Catacoeloceras crassum on the outer whorl, though the whorl is probably not as wide.
TREATISE, the resemblance of at least a few specimen with what I used to lump into
Catacoeloceras puteolum struck me, especially when looking at a specimen found in April
at Ravenscar (unfortunately I cannot show a comparison picture from the Treatise due to
Catacoeloceras dumortieri, in fact they were both mentioned as early as in HOWARTH´s
1962 paper “The Jet Rock Series and the Alum Shale Series of the Yorkshire Coast”,
with C. dumortieri from the Peak Shales at Ravenscar, and C. puteolum as “not found”.
“Yorkshire fossil hunters” Facebook group revealed the potential existence of two groups
which differ in their maximum whorl width, one group with a maximum whorl width of up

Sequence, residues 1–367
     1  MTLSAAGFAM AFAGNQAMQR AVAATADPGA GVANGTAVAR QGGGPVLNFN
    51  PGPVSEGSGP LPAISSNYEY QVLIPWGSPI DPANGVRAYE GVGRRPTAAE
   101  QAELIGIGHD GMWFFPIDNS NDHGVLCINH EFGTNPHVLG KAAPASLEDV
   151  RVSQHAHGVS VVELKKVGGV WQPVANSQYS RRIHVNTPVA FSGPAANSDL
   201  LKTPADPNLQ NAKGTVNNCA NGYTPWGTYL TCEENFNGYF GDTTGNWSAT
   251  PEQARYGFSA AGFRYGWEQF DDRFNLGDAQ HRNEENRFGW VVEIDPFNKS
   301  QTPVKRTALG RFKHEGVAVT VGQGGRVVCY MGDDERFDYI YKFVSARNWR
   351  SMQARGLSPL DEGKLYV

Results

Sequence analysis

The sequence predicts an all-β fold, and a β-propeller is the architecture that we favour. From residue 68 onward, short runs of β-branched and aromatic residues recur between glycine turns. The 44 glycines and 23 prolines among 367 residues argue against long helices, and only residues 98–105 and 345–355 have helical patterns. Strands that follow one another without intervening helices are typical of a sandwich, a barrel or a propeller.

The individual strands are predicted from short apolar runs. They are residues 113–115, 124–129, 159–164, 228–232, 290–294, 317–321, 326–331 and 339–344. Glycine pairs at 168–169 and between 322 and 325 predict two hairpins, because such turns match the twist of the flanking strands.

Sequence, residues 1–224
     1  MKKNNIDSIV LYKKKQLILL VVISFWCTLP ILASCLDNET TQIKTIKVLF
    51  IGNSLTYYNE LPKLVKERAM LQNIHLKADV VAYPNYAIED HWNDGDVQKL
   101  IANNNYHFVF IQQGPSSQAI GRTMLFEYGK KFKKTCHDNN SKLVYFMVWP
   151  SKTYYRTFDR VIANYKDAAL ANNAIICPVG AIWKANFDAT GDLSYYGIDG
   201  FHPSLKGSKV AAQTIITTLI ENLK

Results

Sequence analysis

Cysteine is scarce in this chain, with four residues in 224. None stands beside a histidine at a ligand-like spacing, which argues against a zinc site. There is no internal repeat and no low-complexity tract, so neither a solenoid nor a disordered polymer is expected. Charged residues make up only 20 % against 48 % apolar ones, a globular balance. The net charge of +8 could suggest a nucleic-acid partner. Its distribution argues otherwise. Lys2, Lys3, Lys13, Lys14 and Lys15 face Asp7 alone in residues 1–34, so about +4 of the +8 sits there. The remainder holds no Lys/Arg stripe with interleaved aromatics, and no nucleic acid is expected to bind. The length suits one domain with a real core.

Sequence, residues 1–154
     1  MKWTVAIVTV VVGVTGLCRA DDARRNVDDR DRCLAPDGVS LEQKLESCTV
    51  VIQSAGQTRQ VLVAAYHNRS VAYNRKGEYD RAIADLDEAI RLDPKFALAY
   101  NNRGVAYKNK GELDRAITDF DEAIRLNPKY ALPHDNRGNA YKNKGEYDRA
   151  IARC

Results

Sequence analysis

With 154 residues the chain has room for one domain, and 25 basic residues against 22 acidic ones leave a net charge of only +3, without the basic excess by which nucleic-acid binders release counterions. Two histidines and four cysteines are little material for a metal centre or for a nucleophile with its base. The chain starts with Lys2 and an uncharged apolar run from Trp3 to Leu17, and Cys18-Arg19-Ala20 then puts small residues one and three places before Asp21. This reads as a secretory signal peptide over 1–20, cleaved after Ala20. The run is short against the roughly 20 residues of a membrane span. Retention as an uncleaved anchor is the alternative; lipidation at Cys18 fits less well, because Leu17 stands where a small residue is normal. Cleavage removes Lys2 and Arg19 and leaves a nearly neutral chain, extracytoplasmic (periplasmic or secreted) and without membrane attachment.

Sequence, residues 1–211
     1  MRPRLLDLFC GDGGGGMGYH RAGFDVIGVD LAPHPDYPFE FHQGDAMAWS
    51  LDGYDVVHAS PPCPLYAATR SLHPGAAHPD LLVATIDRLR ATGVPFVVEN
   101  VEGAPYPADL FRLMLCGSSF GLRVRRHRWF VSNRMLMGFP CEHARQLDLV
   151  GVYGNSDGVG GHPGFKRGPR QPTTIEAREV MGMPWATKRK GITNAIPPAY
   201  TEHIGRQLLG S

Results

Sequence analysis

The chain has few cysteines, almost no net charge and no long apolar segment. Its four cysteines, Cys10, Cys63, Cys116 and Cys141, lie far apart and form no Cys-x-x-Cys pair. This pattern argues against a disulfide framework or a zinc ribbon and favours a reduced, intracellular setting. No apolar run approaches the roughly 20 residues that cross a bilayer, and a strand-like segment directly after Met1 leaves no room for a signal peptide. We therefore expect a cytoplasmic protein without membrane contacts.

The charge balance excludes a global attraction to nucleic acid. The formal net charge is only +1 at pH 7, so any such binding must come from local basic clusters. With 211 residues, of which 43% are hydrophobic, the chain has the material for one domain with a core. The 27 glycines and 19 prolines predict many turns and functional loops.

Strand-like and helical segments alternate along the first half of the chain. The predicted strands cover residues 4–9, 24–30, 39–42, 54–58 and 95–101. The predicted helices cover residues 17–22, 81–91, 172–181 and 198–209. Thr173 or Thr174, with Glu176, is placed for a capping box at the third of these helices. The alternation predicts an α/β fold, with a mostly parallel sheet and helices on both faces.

to 20-25 mm, the other one with a maximum whorl width of up to 30 mm :
Until about 2-3 cm, the inner whorls look the same for both groups with a rib density of
about 32/whorl, then the specimen of the group reaching a larger whorl width continue
the growth in whorl width beyond about 20-25 mm up to 30 mm and reach a higher rib
density on the outermost whorl of > 36 ribs/whorl (i.e. retaining an almost constant
distance between ribs), while he group with a smaller max. whorl width do not increase
their whorl width and have a constant rib density of about 32 ribs/whorl on the outermost
adult whorl (i.e. increasing absolute distance between ribs on the outer whorl).
I´m almost sure the group with the bigger maximum whorl width can be associated with
Cataceloceras puteolum, while the group with the smaller max. whorl width is
Catacoeloceras dumortieri – if proven to be found within the same bed (which seems
possible, given the same association with Pseudolioceras boulbiense), they could –